On July 1st - 3rd of 1863 approximately 160,000 men were involved in the largest battle of the Civil War and the largest battle ever fought in North America in a small town in Pennsylvania, Gettysburg. Of the 160,000 men the 85,000 northerners outnumbered the 75,000 strong southerners. The battle is considered the most important engagement of the American Civil War and a turning point in favor of the north. After the fighting had ended, the Union in total had 23,049 casualties and the Confederacy had 28,063, a great Union victory. The Confederate Army of Northern Virginia, under the command of Gen. Robert E. Lee, invaded the north for the second time where they laid assault after assault against the Union’s line. The Union’s Army of the Potomac, commanded by Maj. Gen. George G. Meade, with a hard fought defensive all across their lines and Meade’s strategic actions, held off the Confederate attacks one after another.
The Ride to Shiloh When people recall the Civil War, the battle of Shiloh rarely rings a bell. People usually think of the Battle of Gettysburg or the first shots fired at Fort Sumter, while failing to realize the importance of the lesser known battles which left a considerable impact, the battle of Shiloh included. At the time, it was the bloodiest battle yet to occur in the Civil War. It made both sides realize that this war wasn’t going to be an easy fight, it was going to be costly and bloody.
Did you know that after the Battle of Gettysburg, the troops on each side had lost many soldiers? The Battle of Gettysburg, was part of the Civil War that lasted 4 years and it was the Union (North) against the Confederacy (South). This battle, was a win for the Union boosting up their moral, but giving up confidence for the Confederacy. Each side had many casualties and therefore, the Battle of Gettysburg was a turning point during the Civil War because of the effects that came with the battle.
Lee’s plan was to take 60,000 troops north and take out as many military targets as possible. As his troops traveled north they collected various supplies from every farm and town they came across which strengthened his cause. His main goal was to head to the largest cities in the North which would greatly decimate the northerner’s capability and spirits. While traveling Major General George Meade was positioning his troops between Lee’s troops and the Capital until General Lee learned of his in Pennsylvania. This quickly prompted his attack on Gettysburg where on the first day 50,000 soldiers clashed in battle killing or injuring over 15,000.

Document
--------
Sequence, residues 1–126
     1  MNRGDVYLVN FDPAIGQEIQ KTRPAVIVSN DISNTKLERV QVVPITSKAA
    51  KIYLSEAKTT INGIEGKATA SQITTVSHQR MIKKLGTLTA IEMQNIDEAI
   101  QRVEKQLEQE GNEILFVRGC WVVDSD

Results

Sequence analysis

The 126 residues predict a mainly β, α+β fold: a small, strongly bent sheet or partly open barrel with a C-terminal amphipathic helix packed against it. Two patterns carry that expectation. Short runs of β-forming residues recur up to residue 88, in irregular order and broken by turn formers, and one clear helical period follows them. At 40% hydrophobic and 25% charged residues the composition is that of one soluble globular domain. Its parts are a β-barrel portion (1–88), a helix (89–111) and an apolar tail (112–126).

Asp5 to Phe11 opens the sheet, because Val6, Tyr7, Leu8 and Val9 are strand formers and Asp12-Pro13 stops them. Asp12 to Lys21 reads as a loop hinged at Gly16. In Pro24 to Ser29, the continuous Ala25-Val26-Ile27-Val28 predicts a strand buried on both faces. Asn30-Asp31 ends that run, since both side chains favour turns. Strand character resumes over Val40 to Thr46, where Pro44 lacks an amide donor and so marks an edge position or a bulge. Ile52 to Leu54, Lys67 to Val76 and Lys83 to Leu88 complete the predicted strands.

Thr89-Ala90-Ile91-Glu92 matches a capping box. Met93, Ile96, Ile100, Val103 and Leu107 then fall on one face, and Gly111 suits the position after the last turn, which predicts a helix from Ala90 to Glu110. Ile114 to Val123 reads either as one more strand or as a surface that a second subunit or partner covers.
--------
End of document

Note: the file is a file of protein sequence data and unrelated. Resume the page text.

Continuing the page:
On April 6, 1862 the Battle of Shiloh began and lasted for approximately a day and half; this battle was fought between General Albert Sidney Johnston and General Ulysses S. Grant and led to the South’s demise in the war. The battle site was named Shiloh due to the small church that stands in the middle of the battlefield. In this particular battle of the civil war, General Albert Sidney Johnston died. He was the highest ranking General of the civil war; on either side. General Ulysses S. Grant, and many others, considered this battle to be the bloodiest battle of the civil war.
Quite a number of the Confederate’s generals were hurt, dead, or dying which made Lee one of the few generals who were capable of leading the army. In a letter to Jefferson Davis, president of the Confederates, Lee requested him to replace him as general. Document C explains that Lee felt like he not only failed the South, but he also failed himself when he lost The Battle of Gettysburg. Document C states, “I therefore, in all sincerity, request Your Excellency to take measures to supply my place. I do this with the more earnestness because no one is more aware than myself of my inability for the duties of my position” (277).
In the battle of Gettysburg, Generals Robert E. Lee and George G. Meade used their strategies to form an unforgettable battle. The Battle of Gettysburg was the bloodiest battle in the history of North America. The battle lasted three days long. The general of the Confederacy was Robert E. Lee, and the general of the Union was George G. Meade. The Battle of Gettysburg started off when Robert E. Lee formulated a plan to attack the Union in Gettysburg, Pennsylvania.